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That '70s Show: The Complete Series

(1998) ** 1/2 Unrated
4410 min. FOX. Directors: Terry Hughes, David Trainer. Cast: Mila Kunis, Danny Masterson, Topher Grace, Laura Prepon, Ashton Kutcher, Wilmer Valderrama, Kurtwood Smith, Debra Jo Rupp, Josh Meyers, Tanya Roberts, Don Stark, Lisa Robin Kelly, Tommy Chong, Joseph Gordon-Levitt, Dwayne 'The Rock' Johnson.

/content/films/4848/1.jpg"Hangin' out/Down the street./The same old thing/We did last week..." Big Star's 1972 song "In the Street," repurposed as the theme song for 1998-2006 Fox sitcom That '70s Show, accurately reflects the content of the series. The televised nostalgic comfort food of That '70s Show depicts the teenage slacker ethic of avoiding responsibility whenever possible and clinging to youthful good times while they last. The show did the same, taking eight years (and 200 episodes) to depict the period between May 17, 1976 and December 31, 1979.

Created by Bonnie & Terry Turner & Mark Brazill, the series introduced a "hot" young cast that yielded some big stars of the future. The series takes place in Point Place, Wisconsin, where scrawny Everyteen Eric Forman (Topher Grace of Spider-Man 2) lives with his curmudgeonly father "Red" (Kurtwood Smith of Robocop) and loveably square mother Kitty (Debra Jo Rupp). The Formans' basement serves as a clubhouse for Eric's gang of friends: Eric's perhaps-girlfriend Donna Pinciotti (Laura Prepon), dim-bulb Michael Kelso (Ashton Kutcher, now back on TV as star of Two and a Half Men), outspoken but cool-conscious Jackie Burkhart (Mila Kunis of Black Swan), foreign-exchange student Fez (Wilmer Valderrama), and dry-witted Steven Hyde (Danny Masterson), the latter two characters also showing romantic (or sexual) interest in the girls of the group. Also among the Season One regulars are Donna's parents, Bob (Don Stark) and Midge Pinciotti (Tanya Roberts, a one time "Charlie's Angel"), and Eric's beloved 1969 Oldsmobile Vista Cruiser station wagon, bequeathed by Red in "That '70s Pilot."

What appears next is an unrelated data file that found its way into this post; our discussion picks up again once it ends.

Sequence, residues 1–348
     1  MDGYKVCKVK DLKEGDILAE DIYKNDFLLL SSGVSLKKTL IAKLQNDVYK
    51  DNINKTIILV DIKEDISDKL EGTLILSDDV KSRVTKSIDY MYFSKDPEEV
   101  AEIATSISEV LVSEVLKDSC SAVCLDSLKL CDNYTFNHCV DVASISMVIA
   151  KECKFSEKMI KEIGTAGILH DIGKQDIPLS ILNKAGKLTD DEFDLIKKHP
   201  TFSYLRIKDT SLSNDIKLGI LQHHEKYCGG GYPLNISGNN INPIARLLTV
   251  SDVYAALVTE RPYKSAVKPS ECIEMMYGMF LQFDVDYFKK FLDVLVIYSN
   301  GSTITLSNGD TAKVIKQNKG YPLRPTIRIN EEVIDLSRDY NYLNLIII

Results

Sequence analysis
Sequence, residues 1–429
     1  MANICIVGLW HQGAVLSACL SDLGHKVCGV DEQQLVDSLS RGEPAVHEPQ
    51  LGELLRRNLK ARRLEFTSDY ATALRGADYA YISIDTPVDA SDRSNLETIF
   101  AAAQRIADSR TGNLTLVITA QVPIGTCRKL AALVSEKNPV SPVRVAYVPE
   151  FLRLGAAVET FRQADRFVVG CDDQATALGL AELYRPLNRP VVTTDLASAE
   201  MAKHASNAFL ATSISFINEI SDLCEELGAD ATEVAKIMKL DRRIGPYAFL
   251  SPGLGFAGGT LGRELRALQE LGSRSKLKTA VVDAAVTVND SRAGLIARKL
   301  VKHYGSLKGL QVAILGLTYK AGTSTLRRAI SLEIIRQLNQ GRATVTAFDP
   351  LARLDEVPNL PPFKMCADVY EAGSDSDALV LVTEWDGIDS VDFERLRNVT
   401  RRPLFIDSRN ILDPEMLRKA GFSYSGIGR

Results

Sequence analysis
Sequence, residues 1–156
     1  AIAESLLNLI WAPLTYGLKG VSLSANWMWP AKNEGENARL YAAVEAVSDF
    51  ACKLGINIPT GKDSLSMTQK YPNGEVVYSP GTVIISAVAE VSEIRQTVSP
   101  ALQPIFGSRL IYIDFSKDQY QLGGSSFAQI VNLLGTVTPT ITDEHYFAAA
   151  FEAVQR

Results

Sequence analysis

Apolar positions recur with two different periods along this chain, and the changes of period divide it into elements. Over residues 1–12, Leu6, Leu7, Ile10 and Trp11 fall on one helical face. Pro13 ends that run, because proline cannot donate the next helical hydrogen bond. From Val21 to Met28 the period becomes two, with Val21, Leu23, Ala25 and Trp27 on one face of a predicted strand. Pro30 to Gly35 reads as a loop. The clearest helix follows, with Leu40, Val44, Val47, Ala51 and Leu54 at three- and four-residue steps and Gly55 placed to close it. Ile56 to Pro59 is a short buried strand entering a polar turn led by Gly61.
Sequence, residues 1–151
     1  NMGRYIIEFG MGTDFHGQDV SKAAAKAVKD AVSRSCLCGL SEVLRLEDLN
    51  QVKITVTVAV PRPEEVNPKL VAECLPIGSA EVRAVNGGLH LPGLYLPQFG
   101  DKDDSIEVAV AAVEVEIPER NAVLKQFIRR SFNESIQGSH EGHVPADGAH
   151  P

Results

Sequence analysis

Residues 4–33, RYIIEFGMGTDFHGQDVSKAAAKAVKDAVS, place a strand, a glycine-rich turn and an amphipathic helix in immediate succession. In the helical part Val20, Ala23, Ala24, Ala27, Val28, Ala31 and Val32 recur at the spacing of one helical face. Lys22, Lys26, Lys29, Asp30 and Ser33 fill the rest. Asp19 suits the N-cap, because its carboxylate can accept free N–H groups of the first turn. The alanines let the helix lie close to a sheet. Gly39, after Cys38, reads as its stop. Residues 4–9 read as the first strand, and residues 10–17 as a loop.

A kind of hybrid of "that '50s show" (of the '70s) Happy Days and Richard Linklater's '70s-set 1993 teen movie Dazed and Confused, That '70s Show may not exactly have reinvented the four-camera sitcom, but it did fit the FOX-network paradigm of pushing the envelope in terms of sitcom content. While there is an essential sweetness to the characters—who, at least initially, project an underlying innocence—there's plenty of randy talk, characters do it (losing their virginity, having pregnancy scares, etc.), and one regular feature of the show strongly implies that the characters' favorite weekly pastime is smoking doobies. This latter motif gives the series one of several stylistic stamps: a central camera, with wide-angle lens, rotating to take in the characters sitting in a circle, smoking out and carrying on an inane or paranoid conversation. Other signature bits include colorful transitions using '70s iconography and a variety of dream sequences or parodies (as of filmstrips).

/content/films/4848/2.jpgSeason One established the characters and the era, with episodes devoted to streaking, disco, the drive-in, a kegger, wrestling (with guest star Dwayne "The Rock" Johnson), prom, the pill, a swingers party, and the release of Star Wars, though the show would gradually lose interest in broader cultural and social moments to focus on character-based sitcomedy. Most stories simply deal with relationship dramas between Eric and Donna or Kelso and Jackie (the latter couple perpetually threatening to break up with each other) or masculinity-measuring tussles between Eric and Red (with Red perpetually threatening to kick Eric's ass).